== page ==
In Summary

  • Analysis for The Conversation by Aurora Elmes, Swinburne University of Technology

Margaret was depressed, jobless, broke and behind on her rent when the single mother of two heard about Vanguard Laundry Services, in Toowoomba, Queensland.

“I was desperate for work, any work,” she recalls. She started working at the laundry the day before she was due to be evicted.

Given her situation, Margaret was lucky to hear about Vanguard. The laundry is a social enterprise established specifically to provide jobs to people with mental illness. The factors Margaret felt had been barriers to jobs at other businesses – such as her age, gender and health – were no impediment to her employment.

Employers generally tend to be far less accepting and understanding. According to Australian Bureau of Statistics data, 34% of unemployed women and 26% of unemployed men are dealing with mental illness. It makes it harder for them to get and hold down a job. Being unemployed also tends to harm mental health, so it’s a Catch-22.

The Productivity Commission’s draft report into mental health – which puts the economic cost of mental illness at A$180 billion a year – notes “particularly strong links between employment and mental health” and the importance of increasing job opportunities.

Productivity Commission

My research with Vanguard Laundry Services and the people who work there shows just how transformative a job opportunity can be.

Since it launched in December 2016, the business has provided jobs to about 78 people with histories of mental illness and long-term unemployment. My research has followed 48 of them. Most report significantly improved mental and physical health since starting work there. There have been concrete social benefits in terms of reduced reliance on public welfare and health services.

Flaws in the system

Under the existing federal Disability Employment Services (DES) system, which pays job service providers to assist people with disabilities, less than a third of those with mental-health-related disability actually obtain a job.

According to a Senate Committee inquiry, the employment service system creates “perverse financial incentives to churn unemployed workers into easier and more reliable income-producing outcomes, such as employability training, Work for the Dole, and job search programs”.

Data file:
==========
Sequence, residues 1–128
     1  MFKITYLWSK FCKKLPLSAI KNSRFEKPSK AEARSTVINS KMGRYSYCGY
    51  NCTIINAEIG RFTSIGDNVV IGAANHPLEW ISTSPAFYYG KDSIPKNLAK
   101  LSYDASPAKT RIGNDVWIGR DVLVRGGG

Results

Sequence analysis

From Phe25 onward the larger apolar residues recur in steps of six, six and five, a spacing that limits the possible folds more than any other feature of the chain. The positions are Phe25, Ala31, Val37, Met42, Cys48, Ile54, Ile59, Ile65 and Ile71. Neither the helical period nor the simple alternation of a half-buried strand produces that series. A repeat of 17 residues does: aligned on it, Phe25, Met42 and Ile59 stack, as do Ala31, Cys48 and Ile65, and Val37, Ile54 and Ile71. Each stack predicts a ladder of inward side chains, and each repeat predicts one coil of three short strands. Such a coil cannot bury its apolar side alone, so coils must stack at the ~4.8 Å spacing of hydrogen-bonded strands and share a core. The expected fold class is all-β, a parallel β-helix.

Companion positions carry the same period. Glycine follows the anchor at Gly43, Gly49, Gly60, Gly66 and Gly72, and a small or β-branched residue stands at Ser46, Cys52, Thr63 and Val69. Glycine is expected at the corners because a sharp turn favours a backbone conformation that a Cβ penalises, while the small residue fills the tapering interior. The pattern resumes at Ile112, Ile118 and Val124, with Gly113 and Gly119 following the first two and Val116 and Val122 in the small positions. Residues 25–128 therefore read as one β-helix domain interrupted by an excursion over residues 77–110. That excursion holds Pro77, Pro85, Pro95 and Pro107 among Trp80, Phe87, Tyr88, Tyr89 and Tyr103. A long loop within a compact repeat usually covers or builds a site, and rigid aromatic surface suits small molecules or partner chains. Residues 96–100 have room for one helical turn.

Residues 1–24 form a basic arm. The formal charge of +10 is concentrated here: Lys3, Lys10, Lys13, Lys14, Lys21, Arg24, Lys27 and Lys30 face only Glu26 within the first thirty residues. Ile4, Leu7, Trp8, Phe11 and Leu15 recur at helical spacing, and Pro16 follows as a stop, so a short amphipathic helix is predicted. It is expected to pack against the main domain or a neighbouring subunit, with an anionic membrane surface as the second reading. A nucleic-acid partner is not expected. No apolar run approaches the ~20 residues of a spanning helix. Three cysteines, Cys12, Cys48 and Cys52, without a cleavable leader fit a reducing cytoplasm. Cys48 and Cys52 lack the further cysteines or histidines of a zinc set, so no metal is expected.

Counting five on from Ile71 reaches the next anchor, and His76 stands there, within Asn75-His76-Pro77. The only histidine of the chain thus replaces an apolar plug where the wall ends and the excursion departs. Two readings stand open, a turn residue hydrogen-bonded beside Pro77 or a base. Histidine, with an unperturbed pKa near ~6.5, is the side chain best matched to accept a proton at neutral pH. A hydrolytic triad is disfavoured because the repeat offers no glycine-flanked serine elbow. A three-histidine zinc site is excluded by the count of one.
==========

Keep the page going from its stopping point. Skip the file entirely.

Financial incentives for employers are hardly better. The government will pay a wage subsidy up to $6,500 over six months for hiring someone registered with a job service provider for more than 12 months. These subsidies are open to any employer – including social enterprises like Vanguard Laundry – but this system can also be abused by profit-driven employers to offer only short-term jobs.

The Productivity Commission’s draft report makes several recommendations to improve employment outcomes. One is to put more resources into Individual Placement and Support (IPS) services, which include job coaching, assistance dealing with government services, education and on-the-job support.

There is evidence IPS is more successful than other employment interventions but, like other intermediary employment service approaches, there’s still the challenge of finding employers who are both willing to give someone a go and have a supportive work culture.

Many participants in my research spoke about past employment experiences that included unrealistically high workloads, verbally abusive supervisors and discrimination. Though employment is generally beneficial for mental health, a job with bad working conditions can be worse than unemployment.

Creating inclusive employment

This is where social enterprises like Vanguard Laundry Services have a role to play.

A social enterprise is a business whose core aim is to create public or community benefit. Like many of the 20,000 social enterprises in Australia, Vanguard’s core social purpose is to create meaningful employment opportunities for people experiencing disadvantage.

When creating employment is the reason an enterprise exists, working conditions can be more focused on the needs of workers. My research found staff appreciated having flexibility over their hours and tasks, having understanding and supportive supervisors, and being able be open about their mental health issues yet still be accepted.

From its launch to the end of June 2018, Vanguard’s social impacts have included:

  • saving A$153,451 in welfare payments by raising the median income of target staff by $152 a week and reducing average Centrelink payments by A$102.25 a week
  • saving A$231,767 in health costs, through employees spending a total of 138 fewer days in hospital.

These results highlight the potential benefits for society that the right mix of government policies can offer through supporting social enterprises.

By responding to some of the challenges within the existing employment system, social enterprises like Vanguard Laundry have the potential to both increase access to work for people with mental illness, and ensure the workplaces people move into are conducive to good mental health.

As Margaret’s story illustrates, access to decent work can make a drastic difference to a person experiencing mental illness and struggling to get by. “It’s just totally changed my life,” she says. “To be quite honest, it saved my life.”

Margaret’s name and some details have been changed to protect her privacy.The Conversation

By Aurora Elmes, PhD Candidate, Swinburne University of Technology. This article is republished from The Conversation under a Creative Commons license. Read the original article.